All electric cars on the UK market offer 7 or 8 years of battery warranty don't they? So it's unlikely to be an issue for most people.
 
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W4E300

W4E300

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All good points - specifically about the battery life. The attraction of a three year lease deal and giving the thing back after that time asks the question - what's the second hand market going to be like for these vehicles....?

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Mike Walker

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All electric cars on the UK market offer 7 or 8 years of battery warranty don't they? So it's unlikely to be an issue for most people.
Not too sure about that tbh but certainly worthwhile checking cost of rental a la Renault against purchase, if needed, from other makers. Suggested cost of a new battery was > £6k I think but again can be checked.
 

st13phil

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All electric cars on the UK market offer 7 or 8 years of battery warranty don't they? So it's unlikely to be an issue for most people.
This (plus the fairly rapid development cycle and other uncertainties) is what is hitting residuals for EV's very hard. OK for the first owner, not good for the second and by the time the car's 6+ years old it's worthless because no one is going to pay £6k for a replacement battery pack.
 

wivenhoe

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Couple of things - I have ordered a C350e for delivery on the 1st September. I have had a C200 petrol on demo and can say that as long as you go with the pano roof there is lots of headroom and I am 6' 1" tall - it has more headroom than my CLS and the E Class Coupe I had before the CLS.

The demo achieved an average of 43 mpg with no hybrid and my CLS 350CDI on the same journeys (av speed cameras & gantries reflected) is about 50 mpg. Allowing for the cheaper petrol versus diesel and the benefits of the hybrid then the C350e should work out far more economical. I, like the rest of the world, think the government consumption of 134mpg to be ridiculous but I expect it to be around 70 on a mix of town / motorway.

All of the electric system, including the batteries, are covered by a full replacement Merc warranty for 6 years or 62,000 miles.

The car attracts the £ 5k government subsidy and so full list is significantly less than the the C300 Diesel Hybrid. I achieved a very significant discount even part-ex'ing my CLS - I am looking to get out of the CLS now as despite being a 2014 model it is Euro 5 and I think the residuals of these will start to degrade due to the 'anti diesel' brigade.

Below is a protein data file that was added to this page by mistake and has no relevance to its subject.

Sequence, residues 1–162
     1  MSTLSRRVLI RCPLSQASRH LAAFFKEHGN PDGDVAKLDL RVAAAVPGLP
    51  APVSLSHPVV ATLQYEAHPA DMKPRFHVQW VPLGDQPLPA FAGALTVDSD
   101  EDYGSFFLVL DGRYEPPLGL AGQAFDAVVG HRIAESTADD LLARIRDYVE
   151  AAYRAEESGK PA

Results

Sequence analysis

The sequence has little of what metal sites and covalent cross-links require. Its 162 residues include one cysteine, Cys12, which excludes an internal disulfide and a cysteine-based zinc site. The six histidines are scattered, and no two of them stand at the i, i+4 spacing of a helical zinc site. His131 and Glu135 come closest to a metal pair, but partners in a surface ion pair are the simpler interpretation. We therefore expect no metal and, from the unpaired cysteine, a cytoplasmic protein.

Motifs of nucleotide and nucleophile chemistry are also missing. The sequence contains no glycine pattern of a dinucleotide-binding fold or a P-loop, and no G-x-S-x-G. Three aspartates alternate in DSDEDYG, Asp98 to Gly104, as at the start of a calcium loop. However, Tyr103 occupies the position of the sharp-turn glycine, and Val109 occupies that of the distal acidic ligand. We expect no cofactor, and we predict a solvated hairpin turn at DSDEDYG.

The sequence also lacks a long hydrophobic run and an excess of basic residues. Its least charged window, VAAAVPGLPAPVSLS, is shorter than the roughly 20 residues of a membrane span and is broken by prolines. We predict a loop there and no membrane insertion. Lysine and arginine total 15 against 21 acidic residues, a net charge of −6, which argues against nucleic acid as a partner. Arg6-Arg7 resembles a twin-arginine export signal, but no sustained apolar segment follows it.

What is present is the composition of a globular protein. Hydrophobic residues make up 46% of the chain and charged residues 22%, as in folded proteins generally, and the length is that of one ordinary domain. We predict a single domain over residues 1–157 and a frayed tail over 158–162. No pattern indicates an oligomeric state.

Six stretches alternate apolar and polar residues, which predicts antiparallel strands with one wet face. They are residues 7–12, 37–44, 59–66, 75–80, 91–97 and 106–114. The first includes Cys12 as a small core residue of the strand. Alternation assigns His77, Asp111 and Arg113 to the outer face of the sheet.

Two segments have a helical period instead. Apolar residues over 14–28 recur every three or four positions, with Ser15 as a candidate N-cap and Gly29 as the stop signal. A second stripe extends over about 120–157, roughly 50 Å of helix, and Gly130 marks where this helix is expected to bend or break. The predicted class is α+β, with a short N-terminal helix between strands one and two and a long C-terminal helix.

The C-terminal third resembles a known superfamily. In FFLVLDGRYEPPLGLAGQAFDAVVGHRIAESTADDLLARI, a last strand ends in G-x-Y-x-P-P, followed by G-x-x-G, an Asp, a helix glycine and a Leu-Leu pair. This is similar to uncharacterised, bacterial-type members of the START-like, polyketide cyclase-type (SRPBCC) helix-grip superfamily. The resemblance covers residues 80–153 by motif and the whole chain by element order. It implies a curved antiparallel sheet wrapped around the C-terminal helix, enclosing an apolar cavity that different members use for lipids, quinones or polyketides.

100% of the the C350e purchase price can be set off against corporation tax in the first year and the personal tax is a negligible 5% this year.

The government pay 75% of the cost, up to £ 750, for a home charging point so the average cost is below £ 100.

The C350e is marginally quicker 0 - 60 over the 350CDI - 5.9s versus 6.3s plus it comes with Airmatic as standard.

I think Merc and the government are solving most of the concerns over switching and I think it is the way forward as the anti-diesel brigade will become far more voluble and I believe the temptation will be too great for the government to put a great wack of duty on diesel - I hope I am wrong.
 

tron

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The used car market will be very good because people are stupid enough to think that electricity is a suitable fuel for cars.
It has not been for 120 years and it is not now.
If the energy density breakthrough was going to have happened, it would have happened by now. The 24 different Lithium chemistries are the best we currently have and the next big thing has been round the corner since La Jamais Content ran 100KPH in 1899.
It isn't going to happen. We have 500 mile range and five minute recharges. Until you can do that, you are not going to be at the party.
My boss had a Prius. I had a BX.
2008 Prius v1994 Citroen BX estate: BX 9MPH faster, 3 seconds quicker to 60, 200Kg more payload and another nine MPG.
If it was a good disco they wouldn't have to give away free body debit cards.
 
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addbuyer